By Britt Ackerman
Any experienced criminal defense attorney knows that a myriad of collateral consequences are triggered by criminal convictions (or even upon arrest), and that the possible sentences under the criminal code often doesn’t come close to the collateral risks triggered by the entry of the conviction. These consequences may be called “sanctions” or “consequences” but regardless of the name, the effect is the same. The collateral effects of a criminal matter can often be much more serious than the sentence handed down in court. Even an arrest which doesn’t result in conviction can trigger collateral consequences. Often there is nothing the judge can do to help your client avoid the collateral effects of the criminal prosecution.
So when advising your client, how do you determine the possible collateral consequences and provide good advice accordingly?
First, check Chapter 609B . This chapter is a start. It’s unlikely that you’ll have a client affected by violating the certified seed potato law, but likely that you’ll come across a client whose driver’s license gets revoked for failing to provide proof of insurance by their first court date.
Most collateral consequences aren’t readily found in Chapter 609B. You’ll have to go digging, which means piecing together the state’s statutes, the administrative rules, and federal law. Understanding your client’s unique situation, including education and employment goals, is imperative to providing accurate and competent advice.
Another good source to check is Chapter 245C, which addresses the background studies conducted by the Department of Health and Human Services. You client may be prevented from working as a home health care aide or even from acting as guardian of elderly parent if they can’t pass this background check. Of course a conviction may result in disqualification. However, just the filing of these types of charges will lead to an administrative process that may result in administrative disqualification. When your client is charged with a serious crime such as criminal sexual conduct, they may ignore (or not even receive) the administrative notice that DHS will send regarding their administrative disqualification. As attorney, you won’t receive notice of the disqualification, because you are counsel of record in the criminal matter only. The agency must only establish your client committed the crime charged by a preponderance of the evidence, and a later acquittal has no effect on the agency’s decision. Therefore you must advise your client as soon as possible of the possibility of DHS action, so that appropriate steps can be taken to protect your client in the administrative venue as well as the criminal court.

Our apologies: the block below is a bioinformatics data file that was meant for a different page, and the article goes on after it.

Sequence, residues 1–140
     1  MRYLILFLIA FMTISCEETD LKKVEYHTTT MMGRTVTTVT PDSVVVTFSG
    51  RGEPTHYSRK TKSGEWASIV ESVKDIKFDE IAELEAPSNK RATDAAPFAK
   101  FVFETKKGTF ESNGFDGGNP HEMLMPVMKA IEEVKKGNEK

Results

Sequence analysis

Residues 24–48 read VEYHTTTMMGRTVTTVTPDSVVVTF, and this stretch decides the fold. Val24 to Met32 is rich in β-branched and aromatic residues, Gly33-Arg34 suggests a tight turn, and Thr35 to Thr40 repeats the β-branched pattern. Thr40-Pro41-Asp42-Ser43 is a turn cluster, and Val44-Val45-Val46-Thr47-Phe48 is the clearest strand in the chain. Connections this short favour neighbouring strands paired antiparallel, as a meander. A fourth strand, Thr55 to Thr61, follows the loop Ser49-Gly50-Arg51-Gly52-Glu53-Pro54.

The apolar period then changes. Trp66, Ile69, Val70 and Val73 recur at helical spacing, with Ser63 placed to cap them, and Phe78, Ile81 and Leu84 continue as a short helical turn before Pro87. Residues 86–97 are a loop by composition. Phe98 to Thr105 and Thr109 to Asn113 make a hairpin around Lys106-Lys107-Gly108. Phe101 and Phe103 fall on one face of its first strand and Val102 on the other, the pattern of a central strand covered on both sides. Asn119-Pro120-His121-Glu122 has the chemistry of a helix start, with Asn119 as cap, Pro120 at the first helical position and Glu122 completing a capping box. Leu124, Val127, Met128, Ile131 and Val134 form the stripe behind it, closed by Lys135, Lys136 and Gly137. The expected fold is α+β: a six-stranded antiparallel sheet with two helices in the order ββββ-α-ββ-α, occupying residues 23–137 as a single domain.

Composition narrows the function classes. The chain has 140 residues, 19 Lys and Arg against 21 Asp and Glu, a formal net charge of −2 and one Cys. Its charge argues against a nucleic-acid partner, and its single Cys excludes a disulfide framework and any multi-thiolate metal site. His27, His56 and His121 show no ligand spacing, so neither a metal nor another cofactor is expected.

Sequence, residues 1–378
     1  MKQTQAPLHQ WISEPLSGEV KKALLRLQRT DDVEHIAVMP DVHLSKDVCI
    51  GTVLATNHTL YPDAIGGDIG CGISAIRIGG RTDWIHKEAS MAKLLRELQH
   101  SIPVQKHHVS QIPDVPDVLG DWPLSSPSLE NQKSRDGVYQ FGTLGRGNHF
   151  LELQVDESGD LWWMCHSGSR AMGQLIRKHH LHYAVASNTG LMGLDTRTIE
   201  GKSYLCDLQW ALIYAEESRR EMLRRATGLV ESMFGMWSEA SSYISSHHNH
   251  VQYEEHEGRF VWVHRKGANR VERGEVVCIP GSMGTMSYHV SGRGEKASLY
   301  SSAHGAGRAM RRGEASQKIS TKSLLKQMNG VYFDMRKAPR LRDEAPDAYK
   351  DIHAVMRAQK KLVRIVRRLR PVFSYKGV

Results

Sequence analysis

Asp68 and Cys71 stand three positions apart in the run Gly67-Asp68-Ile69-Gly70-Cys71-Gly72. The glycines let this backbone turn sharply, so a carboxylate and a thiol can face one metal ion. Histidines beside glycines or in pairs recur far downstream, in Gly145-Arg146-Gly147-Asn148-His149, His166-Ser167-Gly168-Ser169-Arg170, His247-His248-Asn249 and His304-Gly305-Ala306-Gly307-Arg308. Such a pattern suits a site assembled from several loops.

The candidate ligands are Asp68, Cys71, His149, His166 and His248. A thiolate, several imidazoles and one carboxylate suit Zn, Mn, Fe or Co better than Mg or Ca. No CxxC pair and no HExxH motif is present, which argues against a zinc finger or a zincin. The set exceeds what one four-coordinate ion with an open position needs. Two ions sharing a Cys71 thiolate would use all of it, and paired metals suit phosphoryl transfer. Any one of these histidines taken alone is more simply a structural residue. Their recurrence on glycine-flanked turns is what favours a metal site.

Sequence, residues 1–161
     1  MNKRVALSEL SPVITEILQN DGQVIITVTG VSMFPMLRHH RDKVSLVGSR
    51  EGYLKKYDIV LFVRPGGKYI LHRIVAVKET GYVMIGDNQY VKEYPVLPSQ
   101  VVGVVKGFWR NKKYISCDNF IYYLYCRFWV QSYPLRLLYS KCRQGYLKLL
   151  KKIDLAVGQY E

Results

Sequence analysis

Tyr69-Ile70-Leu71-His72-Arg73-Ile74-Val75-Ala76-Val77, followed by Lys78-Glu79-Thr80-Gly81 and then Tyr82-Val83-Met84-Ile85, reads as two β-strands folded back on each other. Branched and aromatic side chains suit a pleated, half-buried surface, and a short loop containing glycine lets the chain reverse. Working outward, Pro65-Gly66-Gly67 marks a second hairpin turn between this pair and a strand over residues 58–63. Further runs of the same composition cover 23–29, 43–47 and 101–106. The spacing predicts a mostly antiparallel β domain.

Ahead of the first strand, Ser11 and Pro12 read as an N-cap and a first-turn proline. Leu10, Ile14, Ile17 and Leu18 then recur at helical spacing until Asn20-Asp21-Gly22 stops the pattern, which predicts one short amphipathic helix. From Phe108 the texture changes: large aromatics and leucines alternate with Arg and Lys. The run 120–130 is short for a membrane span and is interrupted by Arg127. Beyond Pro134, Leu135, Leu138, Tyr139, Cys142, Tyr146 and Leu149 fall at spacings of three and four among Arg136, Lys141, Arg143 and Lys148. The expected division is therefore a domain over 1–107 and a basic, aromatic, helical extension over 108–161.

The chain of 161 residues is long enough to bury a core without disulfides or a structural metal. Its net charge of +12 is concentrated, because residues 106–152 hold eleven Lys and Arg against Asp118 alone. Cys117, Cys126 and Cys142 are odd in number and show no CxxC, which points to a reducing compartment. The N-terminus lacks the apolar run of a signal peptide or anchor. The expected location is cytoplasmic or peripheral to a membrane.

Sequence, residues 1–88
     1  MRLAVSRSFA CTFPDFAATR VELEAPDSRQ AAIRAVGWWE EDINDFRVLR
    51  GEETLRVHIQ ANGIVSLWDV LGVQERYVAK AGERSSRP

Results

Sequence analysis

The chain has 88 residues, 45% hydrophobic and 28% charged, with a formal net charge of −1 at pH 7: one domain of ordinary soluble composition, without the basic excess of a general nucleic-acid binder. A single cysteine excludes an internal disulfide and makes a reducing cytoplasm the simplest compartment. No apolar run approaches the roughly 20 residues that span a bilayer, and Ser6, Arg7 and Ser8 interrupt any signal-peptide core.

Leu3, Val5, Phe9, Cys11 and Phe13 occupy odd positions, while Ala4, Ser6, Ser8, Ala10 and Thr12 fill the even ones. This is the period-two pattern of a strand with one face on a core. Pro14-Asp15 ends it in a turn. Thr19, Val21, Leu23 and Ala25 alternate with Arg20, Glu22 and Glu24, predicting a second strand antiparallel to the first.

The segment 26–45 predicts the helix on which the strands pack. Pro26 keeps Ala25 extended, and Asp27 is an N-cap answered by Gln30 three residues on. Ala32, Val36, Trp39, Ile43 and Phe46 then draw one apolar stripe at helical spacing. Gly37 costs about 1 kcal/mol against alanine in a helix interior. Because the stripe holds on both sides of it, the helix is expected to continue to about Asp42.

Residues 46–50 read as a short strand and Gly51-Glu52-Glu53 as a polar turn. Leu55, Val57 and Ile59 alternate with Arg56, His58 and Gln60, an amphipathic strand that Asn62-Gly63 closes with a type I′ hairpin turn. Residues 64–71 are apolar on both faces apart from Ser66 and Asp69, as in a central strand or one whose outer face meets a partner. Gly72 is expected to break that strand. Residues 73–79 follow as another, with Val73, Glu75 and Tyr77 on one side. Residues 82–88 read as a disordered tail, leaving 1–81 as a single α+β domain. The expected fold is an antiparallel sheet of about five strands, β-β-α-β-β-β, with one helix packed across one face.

A final word of caution–be very cautious about Minnesota’s Sex Offender Registration Laws. Registration as a sex offender, in my opinion, is the most serious collateral consequence at play when dealing with offenses requiring registration. The trap to Minnesota’s law requiring registration is that an offender must register if charged with a crime requiring registration and convicted of that crime or another offense arising out of the same set of circumstances. Here’s an example of how this statute can sneak up on you.
Your client might be charged with indecent exposure for streaking a college football game. No big deal, but it turns out your client has a prior delinquency adjudication for doing the same thing during a high school football game. The prosecutor agrees with you that the indecent exposure charge is too serious for the circumstances, and agrees to reduce the charge to a disorderly conduct with a $100 fine. Sounds like a good resolution, right? Wrong. Upon being convicted of the disorderly conduct charge, which arose out of the same set of circumstances as the original indecent exposure charge, your client will have to register as a sex offender for at least ten years. The judge won’t order registration and it doesn’t matter what the court does. The registration requirement is triggered automatically, because when the original charge is filed the offense code triggers the BCA, and when the conviction to disorderly conduct is entered, the BCA’s registration requirement will automatically trigger.
When a client thinks they’re paying a $100 fine when they walk out of the courtroom, and later discovers their life is effectively over because of the requirement to register, they will be (rightfully) angry that you didn’t advise them of the registration requirement. You may or may not have an ethical obligation to advise your clients of collateral consequences, but you definitely have a moral obligation to do so.